DescriptionIt contains the major settlements of Llandudno, Llandudno Junction, Llanrwst, Betws-y-Coed, Conwy, Colwyn Bay, Abergele, Penmaenmawr and Llanfairfechan,
Has a total population of about 110,000.
The River Conwy, after which the county borough is named, lies wholly within the area: rising in Snowdonia and flowing through Llanrwst and Trefriw en route to the Irish Sea by Conwy. As the river forms the border between the historic counties of
Caernarfonshire and Denbighshire, the borough contains settlements from each.
One third of the land area of the county borough lies in the Snowdonia national park, and the council appoint three of the 18 members of the Snowdonia National Park Authority.
According to the 2001 Census 39.7% of the population of the county borough have "one or more skills" in the Welsh language, which ranks it 5th out of 22 principal areas in Wales. 
The amount of Welsh spoken in the county borough greatly varies from location to location, with generally the least being spoken on the coastal fringe.
Examples of the percentage speaking Welsh by electoral ward : 
Mostyn (Llandudno) 19.7%
Conwy Uwch (Upper Conwy) 66.8%
Main article: Conwy County Borough Council
The county borough was formed on 1 April 1996 by merging the districts of Aberconwy and Colwyn when it was originally named Aberconwy and Colwyn. However, its council renamed the district a day later, on 1 April 1996 to Conwy. The new name has caused confusion with the town of Conwy; for instance, Royal Mail tell people to not use the name 'Conwy' on mail to the area lest it go to the town of the same name (NB: they advise against the use of the former postal counties generally).
Conwy is represented in Parliament by Guto Bebb (Con) and David Jones (Con), though David Jones' Clwyd West constituency also covers part of southern Denbighshire. In the National Assembly for Wales, it is represented by Gareth Jones (PC)and Darren Millar (Con).
Coat of arms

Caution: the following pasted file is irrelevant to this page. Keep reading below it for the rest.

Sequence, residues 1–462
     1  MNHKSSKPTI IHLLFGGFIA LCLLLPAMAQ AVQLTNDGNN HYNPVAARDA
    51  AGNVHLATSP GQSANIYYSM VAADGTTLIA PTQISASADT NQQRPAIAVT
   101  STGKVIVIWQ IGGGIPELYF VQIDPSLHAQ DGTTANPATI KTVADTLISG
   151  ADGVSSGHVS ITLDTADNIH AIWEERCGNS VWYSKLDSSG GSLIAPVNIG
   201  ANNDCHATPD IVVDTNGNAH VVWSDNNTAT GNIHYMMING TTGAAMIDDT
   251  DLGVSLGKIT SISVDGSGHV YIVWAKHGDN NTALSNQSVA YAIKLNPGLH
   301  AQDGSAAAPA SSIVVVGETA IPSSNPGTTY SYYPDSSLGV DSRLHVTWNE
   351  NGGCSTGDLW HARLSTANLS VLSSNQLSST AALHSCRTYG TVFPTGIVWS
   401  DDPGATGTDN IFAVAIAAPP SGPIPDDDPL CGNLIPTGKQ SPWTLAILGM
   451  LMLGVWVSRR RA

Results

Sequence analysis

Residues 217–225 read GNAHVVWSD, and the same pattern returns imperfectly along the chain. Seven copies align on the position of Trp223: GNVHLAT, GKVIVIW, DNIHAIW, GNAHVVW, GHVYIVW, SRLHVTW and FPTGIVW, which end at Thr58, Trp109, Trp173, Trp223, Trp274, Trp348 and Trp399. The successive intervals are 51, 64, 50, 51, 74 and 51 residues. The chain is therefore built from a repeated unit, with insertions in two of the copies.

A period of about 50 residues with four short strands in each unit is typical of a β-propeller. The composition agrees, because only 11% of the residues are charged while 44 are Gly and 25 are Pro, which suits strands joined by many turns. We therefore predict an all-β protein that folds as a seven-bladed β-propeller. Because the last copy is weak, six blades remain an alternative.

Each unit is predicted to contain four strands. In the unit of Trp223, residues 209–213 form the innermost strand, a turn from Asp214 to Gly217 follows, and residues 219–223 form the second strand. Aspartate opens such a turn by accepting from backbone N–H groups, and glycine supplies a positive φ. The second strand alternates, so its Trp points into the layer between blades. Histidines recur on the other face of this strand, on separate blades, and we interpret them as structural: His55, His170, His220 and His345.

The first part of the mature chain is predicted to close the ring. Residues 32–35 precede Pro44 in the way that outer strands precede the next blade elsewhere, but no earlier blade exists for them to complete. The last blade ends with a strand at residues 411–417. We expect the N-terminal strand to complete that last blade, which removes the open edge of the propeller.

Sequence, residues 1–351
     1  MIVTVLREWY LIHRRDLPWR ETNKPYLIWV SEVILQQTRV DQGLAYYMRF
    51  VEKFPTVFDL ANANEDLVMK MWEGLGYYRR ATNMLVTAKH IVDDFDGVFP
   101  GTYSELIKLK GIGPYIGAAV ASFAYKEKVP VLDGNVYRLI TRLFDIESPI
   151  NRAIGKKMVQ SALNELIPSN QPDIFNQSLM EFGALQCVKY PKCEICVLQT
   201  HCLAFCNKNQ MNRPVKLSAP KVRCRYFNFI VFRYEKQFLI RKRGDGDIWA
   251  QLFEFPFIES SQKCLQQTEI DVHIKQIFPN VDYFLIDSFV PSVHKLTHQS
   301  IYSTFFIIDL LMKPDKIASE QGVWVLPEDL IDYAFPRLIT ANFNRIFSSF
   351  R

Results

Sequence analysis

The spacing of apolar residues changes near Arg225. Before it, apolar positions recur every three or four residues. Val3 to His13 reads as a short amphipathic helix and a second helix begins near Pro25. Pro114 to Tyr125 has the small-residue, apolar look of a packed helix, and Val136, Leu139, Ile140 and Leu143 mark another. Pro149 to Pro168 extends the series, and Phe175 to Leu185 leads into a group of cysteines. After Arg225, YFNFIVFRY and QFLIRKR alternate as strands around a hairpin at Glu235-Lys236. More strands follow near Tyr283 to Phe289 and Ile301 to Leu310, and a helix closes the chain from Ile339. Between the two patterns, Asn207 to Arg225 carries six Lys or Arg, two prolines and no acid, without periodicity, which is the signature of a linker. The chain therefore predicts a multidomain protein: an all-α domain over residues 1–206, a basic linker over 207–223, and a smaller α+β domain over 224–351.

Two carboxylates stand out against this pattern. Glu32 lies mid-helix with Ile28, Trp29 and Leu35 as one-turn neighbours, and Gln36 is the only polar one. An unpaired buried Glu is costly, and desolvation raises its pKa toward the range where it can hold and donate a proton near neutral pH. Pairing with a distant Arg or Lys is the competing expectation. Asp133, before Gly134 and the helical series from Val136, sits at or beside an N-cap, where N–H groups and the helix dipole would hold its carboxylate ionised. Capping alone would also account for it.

Conwy County Borough Council was granted a coat of arms by the College of Arms in 2001. The new arms recall those of both Aberconwy and Colwyn Borough Councils. The main part of the shield depicts blue and silver waves for the river from which the county borough takes its name, and also recalls the gold and blue wavy field of Colwyn's arms. On top of the waves is placed a symbolic red tower, representing Conwy Castle. The chief or upper third of the shield is coloured green, the main colour in Aberconwy's arms. In the centre of the chief is a severed head from the heraldry of Marchudd ap Cynan, Lord of Abergele and Rhos. On either side are two black spears embrued, or having drops of blood on their points. These come from the reputed arms of Nefydd Hardd, associated with the Nant Conwy area. In front of each spear is a golden garb or wheatsheaf, for the rural areas of the county borough.
Above the shield, placed on the steel helm usual to British civic arms, is the crest. This takes the form of the Welsh red dragon supporting a Bible, rising from a wreath of oak leaves and acorns. The representation of the Bible is to commemorate the fact that the first Welsh language translation of the book originated in the area, while the oak circlet recalls that an oak tree formed the main charge in the arms of Colwyn Borough Council, and its predecessor the municipal borough of Colwyn Bay.
The motto adopted is
"Tegwch i Bawb"'